The trend toward parents helping to support their adult children has become the new normal in Canada. And financial advisors are witnessing the impact that such financial arrangements can have on all involved.

As young adults struggle financially, their baby-boomer parents are more than willing to offer a helping hand – assisting with expenses or permitting the children to move back into the family home. But as these parents provide help, they could be putting their own retirement plans at risk.

According to the 2011 census (the latest data available), 42% of young adults of ages 20 to 29 live in the home of a parent, up from 27% in 1981. Free room and board is the most popular way for parents to help their kids, according to a poll conducted by Canadian Imperial Bank of Commerce (CIBC) in 2015, which found that 71% of parents who helped their kids did so in this manner.

And these parents go beyond providing just lodgings, according to the CIBC poll, and help their kids with groceries, household bills and debt repayment, whether those adult children live at home or on their own.

Financial independence for many young Canadians has been delayed by several factors, including a tough job market, high housing costs and record levels of student debt. (This last category has arisen as some young Canadians seek out second and even third degrees in hopes of putting themselves in a better position to crack the job market.)

But, as Karin Mizgala, CEO and chief financial officer of Money Coaches Canada Inc. on Salt Spring Island in British Columbia, points out, a significant cultural shift is compounding the situation: so-called “helicopter parenting,” in which well-meaning parents hover over their kids to assist them, even into adulthood. As millennials have a tough time making ends meet, many parents feel obligated to help these children, even if the parents really can’t afford to.

And there are parents who are helping their grown children to a greater extent than the parents can afford. Laurie Campbell, CEO of Credit Canada Debt Solutions Inc. in Toronto, says that her agency sees a pattern repeat itself time and again: parents assume their kids will be self-sufficient by a certain age and plan around that assumption, only to have to revise those plans when the kids fail to get the foothold they need to leave the nest for good.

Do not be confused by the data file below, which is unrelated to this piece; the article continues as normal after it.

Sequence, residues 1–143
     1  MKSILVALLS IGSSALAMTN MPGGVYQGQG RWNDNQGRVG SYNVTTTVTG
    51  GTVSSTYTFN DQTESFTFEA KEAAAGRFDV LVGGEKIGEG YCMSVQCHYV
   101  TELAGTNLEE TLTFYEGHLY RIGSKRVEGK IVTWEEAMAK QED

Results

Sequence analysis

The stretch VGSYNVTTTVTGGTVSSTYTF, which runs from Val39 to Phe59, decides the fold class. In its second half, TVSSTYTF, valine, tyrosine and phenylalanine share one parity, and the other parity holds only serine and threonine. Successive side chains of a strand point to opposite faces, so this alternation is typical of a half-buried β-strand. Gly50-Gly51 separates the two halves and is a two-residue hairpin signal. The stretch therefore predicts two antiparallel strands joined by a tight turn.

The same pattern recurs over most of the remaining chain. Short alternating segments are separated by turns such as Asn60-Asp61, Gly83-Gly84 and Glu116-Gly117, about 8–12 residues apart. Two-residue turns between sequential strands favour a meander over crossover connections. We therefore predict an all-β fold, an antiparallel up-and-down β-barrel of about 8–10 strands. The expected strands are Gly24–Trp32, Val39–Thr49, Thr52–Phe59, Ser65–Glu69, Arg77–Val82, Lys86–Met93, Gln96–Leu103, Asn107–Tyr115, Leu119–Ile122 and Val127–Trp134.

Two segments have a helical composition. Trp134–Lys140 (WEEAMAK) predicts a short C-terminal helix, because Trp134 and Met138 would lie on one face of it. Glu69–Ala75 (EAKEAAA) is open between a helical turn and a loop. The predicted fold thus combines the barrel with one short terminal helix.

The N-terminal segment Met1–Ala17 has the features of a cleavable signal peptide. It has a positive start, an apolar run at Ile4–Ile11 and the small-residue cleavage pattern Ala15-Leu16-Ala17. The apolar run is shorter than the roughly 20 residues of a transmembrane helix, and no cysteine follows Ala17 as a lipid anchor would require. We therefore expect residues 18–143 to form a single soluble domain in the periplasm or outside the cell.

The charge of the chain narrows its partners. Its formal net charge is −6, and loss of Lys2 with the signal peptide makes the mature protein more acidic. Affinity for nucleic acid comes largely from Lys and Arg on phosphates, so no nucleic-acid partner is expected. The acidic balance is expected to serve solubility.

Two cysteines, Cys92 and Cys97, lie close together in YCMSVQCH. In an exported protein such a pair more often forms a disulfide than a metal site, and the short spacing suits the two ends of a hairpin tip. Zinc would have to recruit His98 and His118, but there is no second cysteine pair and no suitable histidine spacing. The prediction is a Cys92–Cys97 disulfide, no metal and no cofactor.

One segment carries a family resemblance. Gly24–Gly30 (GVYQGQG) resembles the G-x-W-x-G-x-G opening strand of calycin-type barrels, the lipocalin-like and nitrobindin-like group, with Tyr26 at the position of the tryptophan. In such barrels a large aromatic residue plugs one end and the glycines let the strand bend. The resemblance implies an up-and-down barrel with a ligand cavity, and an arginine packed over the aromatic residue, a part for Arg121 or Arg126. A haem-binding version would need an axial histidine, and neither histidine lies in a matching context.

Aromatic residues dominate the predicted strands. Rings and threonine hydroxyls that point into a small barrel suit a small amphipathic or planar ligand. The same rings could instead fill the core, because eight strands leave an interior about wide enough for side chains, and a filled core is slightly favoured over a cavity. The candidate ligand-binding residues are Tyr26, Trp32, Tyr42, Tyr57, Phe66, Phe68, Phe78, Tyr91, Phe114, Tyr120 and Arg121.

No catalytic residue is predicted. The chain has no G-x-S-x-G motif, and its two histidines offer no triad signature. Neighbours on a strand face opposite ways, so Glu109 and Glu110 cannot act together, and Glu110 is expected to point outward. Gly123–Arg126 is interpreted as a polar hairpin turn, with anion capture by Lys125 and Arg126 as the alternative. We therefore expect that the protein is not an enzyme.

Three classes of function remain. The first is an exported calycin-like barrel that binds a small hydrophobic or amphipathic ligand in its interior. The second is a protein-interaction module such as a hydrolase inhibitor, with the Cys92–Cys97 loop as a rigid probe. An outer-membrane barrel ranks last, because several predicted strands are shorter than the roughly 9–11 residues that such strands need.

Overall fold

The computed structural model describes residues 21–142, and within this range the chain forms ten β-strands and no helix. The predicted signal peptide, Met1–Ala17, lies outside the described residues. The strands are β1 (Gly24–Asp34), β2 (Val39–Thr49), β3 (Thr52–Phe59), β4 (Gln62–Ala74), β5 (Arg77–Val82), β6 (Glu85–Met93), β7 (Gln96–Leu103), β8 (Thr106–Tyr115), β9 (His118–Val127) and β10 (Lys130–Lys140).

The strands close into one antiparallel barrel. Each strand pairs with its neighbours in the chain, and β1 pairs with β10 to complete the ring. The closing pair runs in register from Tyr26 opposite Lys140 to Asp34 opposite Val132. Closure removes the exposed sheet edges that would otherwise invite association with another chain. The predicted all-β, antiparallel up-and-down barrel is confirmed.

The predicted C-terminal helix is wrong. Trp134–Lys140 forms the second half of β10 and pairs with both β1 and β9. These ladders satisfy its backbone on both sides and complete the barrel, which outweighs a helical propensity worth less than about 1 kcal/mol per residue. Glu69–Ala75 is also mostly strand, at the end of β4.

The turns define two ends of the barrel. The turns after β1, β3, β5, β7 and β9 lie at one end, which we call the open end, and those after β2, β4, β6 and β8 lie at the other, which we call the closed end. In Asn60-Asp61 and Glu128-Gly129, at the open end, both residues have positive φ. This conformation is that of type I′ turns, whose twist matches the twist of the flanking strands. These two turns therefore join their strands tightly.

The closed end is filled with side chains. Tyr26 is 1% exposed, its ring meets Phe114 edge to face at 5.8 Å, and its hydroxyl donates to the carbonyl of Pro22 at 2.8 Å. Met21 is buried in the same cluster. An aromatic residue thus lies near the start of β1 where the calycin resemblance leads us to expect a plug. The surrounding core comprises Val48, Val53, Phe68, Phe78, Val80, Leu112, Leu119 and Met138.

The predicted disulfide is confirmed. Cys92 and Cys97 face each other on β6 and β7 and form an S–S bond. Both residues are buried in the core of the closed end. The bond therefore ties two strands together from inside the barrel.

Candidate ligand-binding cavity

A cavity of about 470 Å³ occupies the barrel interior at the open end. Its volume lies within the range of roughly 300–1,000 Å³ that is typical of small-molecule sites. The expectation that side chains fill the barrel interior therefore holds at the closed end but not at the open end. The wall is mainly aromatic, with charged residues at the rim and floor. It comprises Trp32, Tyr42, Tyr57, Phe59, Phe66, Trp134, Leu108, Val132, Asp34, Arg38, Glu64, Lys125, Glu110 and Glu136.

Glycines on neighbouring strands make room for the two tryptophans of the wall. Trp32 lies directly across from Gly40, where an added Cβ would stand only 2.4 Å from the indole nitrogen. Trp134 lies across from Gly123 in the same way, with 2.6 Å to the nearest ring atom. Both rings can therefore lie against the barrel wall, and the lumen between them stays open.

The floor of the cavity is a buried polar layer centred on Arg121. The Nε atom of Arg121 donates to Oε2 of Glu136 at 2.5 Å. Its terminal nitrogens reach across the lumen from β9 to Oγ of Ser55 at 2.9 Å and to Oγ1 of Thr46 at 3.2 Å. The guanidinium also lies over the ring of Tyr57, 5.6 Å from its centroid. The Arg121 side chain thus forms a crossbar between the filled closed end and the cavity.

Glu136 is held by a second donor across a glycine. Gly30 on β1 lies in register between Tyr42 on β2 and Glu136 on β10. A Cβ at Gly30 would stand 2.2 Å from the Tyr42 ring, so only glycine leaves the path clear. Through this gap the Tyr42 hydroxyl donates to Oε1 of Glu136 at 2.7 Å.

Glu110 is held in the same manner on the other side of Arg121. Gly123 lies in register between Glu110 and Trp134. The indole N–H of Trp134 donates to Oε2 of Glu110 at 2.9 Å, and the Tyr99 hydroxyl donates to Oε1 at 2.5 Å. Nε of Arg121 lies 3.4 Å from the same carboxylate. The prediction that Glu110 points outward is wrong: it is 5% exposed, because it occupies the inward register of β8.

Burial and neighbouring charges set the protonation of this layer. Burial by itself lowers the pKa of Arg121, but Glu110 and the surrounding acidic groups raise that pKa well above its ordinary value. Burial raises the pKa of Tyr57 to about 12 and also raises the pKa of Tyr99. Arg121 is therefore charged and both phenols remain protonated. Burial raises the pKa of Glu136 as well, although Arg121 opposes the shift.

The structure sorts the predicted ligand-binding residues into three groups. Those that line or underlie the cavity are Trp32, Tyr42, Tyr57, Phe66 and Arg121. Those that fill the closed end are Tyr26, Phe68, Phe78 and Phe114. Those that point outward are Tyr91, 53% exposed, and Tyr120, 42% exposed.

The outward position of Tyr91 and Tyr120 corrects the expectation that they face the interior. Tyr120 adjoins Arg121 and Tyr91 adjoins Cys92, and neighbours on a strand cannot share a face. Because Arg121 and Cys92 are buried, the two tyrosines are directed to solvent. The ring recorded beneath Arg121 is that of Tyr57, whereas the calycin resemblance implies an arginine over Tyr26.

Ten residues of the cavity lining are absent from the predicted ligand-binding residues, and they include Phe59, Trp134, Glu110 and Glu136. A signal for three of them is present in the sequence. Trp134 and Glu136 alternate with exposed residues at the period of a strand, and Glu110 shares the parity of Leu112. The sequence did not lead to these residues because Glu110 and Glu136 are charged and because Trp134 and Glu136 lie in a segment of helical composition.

Because the parents are the family members with solid employment and income, Campbell says, they end up putting their own plans on hold in order to help their kids.

What can you do to help your clients who are in this predicament keep their retirement plans in order?

“[This conversation] is very tricky to have,” says Emily Rae, senior advisor with Assante Capital Management Ltd. in Halifax. “How do you say, ‘You can’t afford your adult children anymore?'”

Rae adds that it’s not really her job to tell her clients how to spend their money; she can only help them recognize the consequences of their decisions regarding their financial future.

But parents often display embarrassment and denial when discussing the degree to which they are helping their adult children.

The CIBC poll found that 11% of parents surveyed didn’t track how much money they were throwing toward their adult offspring – the survey participants just knew they were doing so. And every parent – including Rae, who has children of ages 19 and 20 – believes that their children will land a great job after graduation, she adds.

Mizgala points out that while young people face many challenges, today’s kids have higher expectations regarding their standard of living than previous generations had.

John Saikaley, financial planner with Desjardins Financial Security Investments Inc. in Ottawa, agrees that the needs vs wants paradigm is different for some in the millennial demographic. He says he knows of young adults who buy new luxury cars as status symbols while still living under their parents’ roofs.

Although parents may feel more responsible for helping their kids get a leg up than previous generations did, clients in this position need to understand the risks they’re taking, according to Mizgala. The adjustments needed are not just a matter of parents delaying retirement or forgoing some of the luxuries they thought they would have at this stage in their lives. The lost savings can affect more pressing obligations, such as health-care costs and boomer clients’ ability to care for their elderly parents.

Saikaley has a daughter in her early 20s who is living at home and working as a waitress. He doesn’t charge her rent, he says, but adds: “However, because I’m a financial advisor, I’m very strict about her saving money. I put pressure on her.”